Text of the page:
As a child, I had a thing for Rhett Butler. I had come across him at 5 while keeping company to my grandmother who was a die-hard fan, before both these words even existed. Rhett was the first kind of man I met beside family members and I thought that his macho manners and his half-concealed big heart were ideal qualities to look for once I grew up.
Decades later, another world war, an economic boom and the surge of feminist writers slowly changed the perception of ideal qualities in a man and my chosen one became Colin Firth. Honest, sensitive, bright, decent. More suitable for these times.
(I chose deliberately a picture where he isn’t outrageously handsome).
Last week I realised we all have a dream man/woman AND a dream country. In the exact same way we idolise actors and characters from a novel or famous people we read of on newspapers we cherish in our hearts the image of a perfect country where we would be so happy and where nothing bad could happen to us.
I am always a little taken aback when I realise that country is Italy for an insane amount of people. Apparently, Italy for them has stayed in the 50s. A poor country rich of history and art and populated by gentle, warm-hearted and slightly chaotic people who love to dance and sing and eat. Something between Roman Holidays and The Talented Mr. Ripley.
Where many float on their little Italian cloud whenever visiting the Belpaese and indulge in cappuccinos outside a café while abandoning themselves to fantasies of a lazy day in a white shirt under a pergola, sipping real, actual espresso(not the Swiss sort) made in a Bialetti moka machine by a beautiful brunette with an accent, I found myself in the midst of my own dream last week.
Funnily enough I have never lived in England. While most of my uni friends migrated there to pursue Gordon Gekko fantasies and work in the European capital of finance, I thought Brussels was a more sensible option. I used to be a EU fan, after all.
England stayed somewhere between my brain and my heart as a magical place where I would never live but could visit often, inhabited by lovely people who liked birds, flowers and tea. They would have conversations about the weather and never, ever, lose their temper. They were brave and resilient but also incommensurably funny. England has always been, basically, the one that got away. The love story that I never lived and that was so perfect because of that.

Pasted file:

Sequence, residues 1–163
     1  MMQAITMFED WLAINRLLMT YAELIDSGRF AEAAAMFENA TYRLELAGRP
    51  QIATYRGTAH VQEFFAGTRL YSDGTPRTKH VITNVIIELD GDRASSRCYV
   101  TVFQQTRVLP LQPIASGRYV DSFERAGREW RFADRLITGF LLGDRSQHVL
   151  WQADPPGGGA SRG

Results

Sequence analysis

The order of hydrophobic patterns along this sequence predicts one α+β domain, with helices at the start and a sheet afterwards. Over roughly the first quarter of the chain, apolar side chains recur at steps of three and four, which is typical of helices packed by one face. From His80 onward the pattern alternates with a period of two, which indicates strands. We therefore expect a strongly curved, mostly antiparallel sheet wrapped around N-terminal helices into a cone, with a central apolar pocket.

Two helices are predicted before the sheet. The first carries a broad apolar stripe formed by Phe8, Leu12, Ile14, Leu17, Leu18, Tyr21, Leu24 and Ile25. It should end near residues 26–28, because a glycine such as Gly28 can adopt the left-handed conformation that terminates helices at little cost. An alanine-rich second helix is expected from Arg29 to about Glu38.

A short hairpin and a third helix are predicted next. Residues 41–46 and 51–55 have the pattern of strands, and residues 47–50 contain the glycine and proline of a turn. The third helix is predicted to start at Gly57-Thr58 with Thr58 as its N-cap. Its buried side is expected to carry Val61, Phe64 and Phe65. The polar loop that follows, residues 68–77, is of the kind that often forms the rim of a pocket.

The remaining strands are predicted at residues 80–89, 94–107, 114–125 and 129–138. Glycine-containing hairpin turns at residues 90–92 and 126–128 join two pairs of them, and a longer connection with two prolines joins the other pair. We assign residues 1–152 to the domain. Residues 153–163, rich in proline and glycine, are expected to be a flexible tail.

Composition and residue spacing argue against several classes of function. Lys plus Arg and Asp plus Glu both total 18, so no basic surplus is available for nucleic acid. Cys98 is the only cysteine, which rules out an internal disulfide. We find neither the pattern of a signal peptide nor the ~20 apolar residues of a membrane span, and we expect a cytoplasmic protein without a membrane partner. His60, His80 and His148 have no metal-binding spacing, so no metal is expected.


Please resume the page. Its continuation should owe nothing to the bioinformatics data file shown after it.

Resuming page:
So the joy was overwhelming last week when an English friend invited us to the most English event you can think of: Glyndebourne opera festival. I had been preparing for weeks. Listening to Carmen and daydreaming about the place.
It turned out it was even better than anticipated. Blessed with a fantastic weather and the most adorable little cottage found on the Internet, we spent the ultimate English weekend, hiking on the high cliffs from where you could vaguely get a glimpse of France and savouring perfect pub meals. I found myself ecstatically staring at a box of apricots at Waitrose. The label said: “Home ripening apricots”. What a smart way to say they have travelled half across the world and were picked long before they were ripe. So British.
Our English friend thought I was a total freak. He can’t see my own perfect England of course. He sees everything that is wrong with it, instead.
After my crumpets filled weekend, being home again was quite a shock. I needed a decompression chamber. I found my fix in the new Marks&Spencer shop which just opened in Brussels. I literally ran there yesterday and in the basement, surrounded by romantically named British foods, I felt at peace again.
Do you have a dream country? How do you feel when you visit?